Turkish markets sink as President Erdogan hires son-in-law as finance minister

  • Turkish assets slipped Tuesday after re-elected President Recep Erdogan appointed new cabinet ministers amid the adoption of sweeping executive powers.
  • The country’s benchmark BIST 100 index was down 1.25 percent at noon Istanbul time, and the prices of Turkish dollar-denominated bonds fell across the board.
  • Erdogan named his son-in-law Berat Albayrak as finance minister Monday, removing some incumbent officials considered friendlier to foreign investors.
Turkish President Recep Tayyip Erdogan (R) poses with Beraat Albayrak on May 29, 2018 in Istanbul. 
Ozan Kose | AFP | Getty Images
Turkish President Recep Tayyip Erdogan (R) poses with Beraat Albayrak on May 29, 2018 in Istanbul. 

Turkish assets slipped Tuesday after re-elected President Recep Erdogan appointed his new cabinet ministers amid the adoption of sweeping new executive powers.

The country’s benchmark BIST 100 index was down 1.25 percent at noon Istanbul time, and the prices of Turkish dollar-denominated bonds fell across the board.

In a rejection of economic orthodoxy, Erdogan named his son-in-law Berat Albayrak as finance minister Monday, removing some incumbent officials considered friendlier to foreign investors and sending the Turkish lira sharply lower. The lira fell around 3 percent on the news, but pared some of its losses as markets opened Tuesday.

The embattled currency is now down 17 percent since the start of 2018 over fears of double-digit inflation, insufficiently hiked interest rates and investor distrust over the Turkish central bank’s independence.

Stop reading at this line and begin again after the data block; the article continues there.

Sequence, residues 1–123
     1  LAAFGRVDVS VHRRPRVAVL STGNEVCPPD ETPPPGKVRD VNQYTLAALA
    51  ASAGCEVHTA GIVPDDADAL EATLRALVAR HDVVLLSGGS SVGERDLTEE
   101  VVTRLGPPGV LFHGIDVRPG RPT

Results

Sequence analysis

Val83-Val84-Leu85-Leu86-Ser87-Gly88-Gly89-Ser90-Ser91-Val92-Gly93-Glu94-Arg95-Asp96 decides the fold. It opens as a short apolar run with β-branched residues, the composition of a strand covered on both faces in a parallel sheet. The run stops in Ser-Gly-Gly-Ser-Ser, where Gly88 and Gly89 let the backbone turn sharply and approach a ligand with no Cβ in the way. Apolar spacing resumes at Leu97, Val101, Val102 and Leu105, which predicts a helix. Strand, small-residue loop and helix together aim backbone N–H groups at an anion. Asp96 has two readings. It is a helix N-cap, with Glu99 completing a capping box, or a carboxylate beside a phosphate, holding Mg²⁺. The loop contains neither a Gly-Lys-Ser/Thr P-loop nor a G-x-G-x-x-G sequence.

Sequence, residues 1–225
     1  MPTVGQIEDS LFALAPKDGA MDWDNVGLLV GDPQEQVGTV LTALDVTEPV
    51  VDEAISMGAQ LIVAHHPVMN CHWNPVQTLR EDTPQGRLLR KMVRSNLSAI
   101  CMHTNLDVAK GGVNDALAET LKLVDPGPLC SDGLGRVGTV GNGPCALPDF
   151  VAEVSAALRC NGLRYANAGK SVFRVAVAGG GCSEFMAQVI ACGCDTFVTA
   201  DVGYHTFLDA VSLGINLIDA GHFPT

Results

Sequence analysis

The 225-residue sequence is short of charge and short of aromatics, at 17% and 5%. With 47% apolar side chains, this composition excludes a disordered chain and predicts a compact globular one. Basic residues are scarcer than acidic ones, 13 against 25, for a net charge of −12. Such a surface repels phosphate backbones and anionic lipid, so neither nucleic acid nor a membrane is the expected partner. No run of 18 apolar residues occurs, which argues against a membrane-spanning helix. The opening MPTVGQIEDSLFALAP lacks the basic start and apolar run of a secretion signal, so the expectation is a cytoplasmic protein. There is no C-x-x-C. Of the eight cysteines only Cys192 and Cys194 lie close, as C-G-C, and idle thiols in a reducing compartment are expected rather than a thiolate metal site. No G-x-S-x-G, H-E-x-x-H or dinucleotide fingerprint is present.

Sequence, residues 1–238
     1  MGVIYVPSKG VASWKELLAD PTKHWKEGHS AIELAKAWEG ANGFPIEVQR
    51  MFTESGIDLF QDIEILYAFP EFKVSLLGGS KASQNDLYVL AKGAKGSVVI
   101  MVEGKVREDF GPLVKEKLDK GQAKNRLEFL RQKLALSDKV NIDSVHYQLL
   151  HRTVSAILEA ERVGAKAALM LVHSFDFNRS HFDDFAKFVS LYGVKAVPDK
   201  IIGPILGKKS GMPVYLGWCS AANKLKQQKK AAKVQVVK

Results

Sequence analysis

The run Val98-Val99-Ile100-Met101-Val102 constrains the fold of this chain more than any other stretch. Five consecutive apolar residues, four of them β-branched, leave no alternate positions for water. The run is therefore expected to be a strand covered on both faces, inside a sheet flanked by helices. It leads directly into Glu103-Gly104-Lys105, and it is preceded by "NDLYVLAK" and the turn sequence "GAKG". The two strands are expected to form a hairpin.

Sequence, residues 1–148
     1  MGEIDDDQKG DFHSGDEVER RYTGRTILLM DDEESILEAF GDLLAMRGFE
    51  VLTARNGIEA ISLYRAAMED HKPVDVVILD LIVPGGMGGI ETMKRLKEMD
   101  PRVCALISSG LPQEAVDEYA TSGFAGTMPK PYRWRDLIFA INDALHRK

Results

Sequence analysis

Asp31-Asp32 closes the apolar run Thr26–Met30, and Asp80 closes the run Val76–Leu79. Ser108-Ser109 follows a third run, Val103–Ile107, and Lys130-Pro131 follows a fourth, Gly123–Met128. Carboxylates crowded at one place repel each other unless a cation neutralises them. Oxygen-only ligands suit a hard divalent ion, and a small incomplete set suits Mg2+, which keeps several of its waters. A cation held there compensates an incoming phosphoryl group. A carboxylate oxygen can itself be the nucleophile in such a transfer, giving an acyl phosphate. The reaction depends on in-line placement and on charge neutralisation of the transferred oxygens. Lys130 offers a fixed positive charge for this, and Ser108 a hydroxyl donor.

“Albayrak will have to move very quickly to reassure financial markets — and will need to send a signal that he will listen,” said Timothy Ash, senior emerging markets sovereign strategist at Bluebay Asset Management, in a Twitter post. “The economy faces a challenging time and this is a time for orthodoxy.”

The cabinet reshuffle saw the removal of Mehmet Simsek, Erdogan’s previous deputy prime minister and a former Merrill Lynch banker who was considered a reassuring force for investors and markets. Former Finance Minister Naci Agbal, a similarly orthodox figure, was also left without a prominent role, leaving investors wondering if any voices remained to temper Erdogan’s often unconventional economic views.

The president has called himself the “enemy of interest rates,” among other things, and blamed his country’s economic turmoil on unspecified external enemies rather than on problems like inflation — currently at a 14-year high of 15.39 percent — or Turkey’s gaping current account deficit. He has been criticized for keeping the central bank’s hands tied on interest rate increases, choosing to prioritize rapid growth over controlling an overheated economy.

Investor fears

Albayrak, a former energy minister, was known for playing a powerful role in Erdogan’s senior circle. But the nepotism has many investors concerned, said Peter Westmacott, who served as former British ambassador to Turkey from 2002 to 2006.

The appointment of Erdogan’s son-in-law “will worry a number of investors and some of the markets, because they didn’t much enjoy dealing with Albayrak when he was the energy minister,” the ambassador told CNBC’s “Squawk Box Europe” Tuesday.

Erdogan held onto the Turkish presidency after winning 52.5 percent of the vote in a snap election held at the end of June, gaining broad new executive powers as the role of prime minister was dissolved. The win comes on the back of growing authoritarian tendencies, critics of the president say, citing government purges, suppression of free press, a crackdown on the country’s Kurdish minority, and growing Islamic nationalism as threats to democracy.

And this is unfortunate, according to emerging markets investor Alan Miller, since Turkey has all the fundamentals that should make it a no-brainer for investment.

“Turkey always comes up as screamingly cheap — we’ve avoided it, partly because of the risks of the economy, the fact it has these huge current account deficits,” said Miller, chief investment officer at wealth management firm SMC Direct. “It’s a shame because you have the demographics in Turkey, and you’ve got that geographical position, it should be a fantastic market to invest in, and hasn’t really taken advantage of that.”